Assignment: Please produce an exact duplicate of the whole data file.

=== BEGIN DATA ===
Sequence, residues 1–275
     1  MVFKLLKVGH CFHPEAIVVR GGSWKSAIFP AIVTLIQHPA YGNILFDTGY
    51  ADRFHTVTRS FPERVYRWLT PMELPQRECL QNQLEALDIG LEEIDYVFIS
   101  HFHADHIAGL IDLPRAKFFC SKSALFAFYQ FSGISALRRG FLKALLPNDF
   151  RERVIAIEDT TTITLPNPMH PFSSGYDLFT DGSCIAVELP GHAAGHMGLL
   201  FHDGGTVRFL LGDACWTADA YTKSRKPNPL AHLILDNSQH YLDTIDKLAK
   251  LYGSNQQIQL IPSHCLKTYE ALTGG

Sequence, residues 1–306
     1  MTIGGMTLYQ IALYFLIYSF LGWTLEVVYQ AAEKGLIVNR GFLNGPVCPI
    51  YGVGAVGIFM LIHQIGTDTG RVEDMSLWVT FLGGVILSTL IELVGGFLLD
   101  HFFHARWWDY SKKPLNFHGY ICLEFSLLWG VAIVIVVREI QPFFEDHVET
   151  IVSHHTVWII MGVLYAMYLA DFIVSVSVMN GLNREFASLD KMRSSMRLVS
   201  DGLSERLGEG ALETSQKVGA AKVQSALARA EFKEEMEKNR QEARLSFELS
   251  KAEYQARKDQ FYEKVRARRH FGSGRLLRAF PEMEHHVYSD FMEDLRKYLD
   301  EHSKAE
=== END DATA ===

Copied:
Sequence, residues 1–275
     1  MVFKLLKVGH CFHPEAIVVR GGSWKSAIFP AIVTLIQHPA YGNILFDTGY
    51  ADRFHTVTRS FPERVYRWLT PMELPQRECL QNQLEALDIG LEEIDYVFIS
   101  HFHADHIAGL IDLPRAKFFC SKSALFAFYQ FSGISALRRG FLKALLPNDF
   151  RERVIAIEDT TTITLPNPMH PFSSGYDLFT DGSCIAVELP GHAAGHMGLL
   201  FHDGGTVRFL LGDACWTADA YTKSRKPNPL AHLILDNSQH YLDTIDKLAK
   251  LYGSNQQIQL IPSHCLKTYE ALTGG

Sequence, residues 1–306
     1  MTIGGMTLYQ IALYFLIYSF LGWTLEVVYQ AAEKGLIVNR GFLNGPVCPI
    51  YGVGAVGIFM LIHQIGTDTG RVEDMSLWVT FLGGVILSTL IELVGGFLLD
   101  HFFHARWWDY SKKPLNFHGY ICLEFSLLWG VAIVIVVREI QPFFEDHVET
   151  IVSHHTVWII MGVLYAMYLA DFIVSVSVMN GLNREFASLD KMRSSMRLVS
   201  DGLSERLGEG ALETSQKVGA AKVQSALARA EFKEEMEKNR QEARLSFELS
   251  KAEYQARKDQ FYEKVRARRH FGSGRLLRAF PEMEHHVYSD FMEDLRKYLD
   301  EHSKAE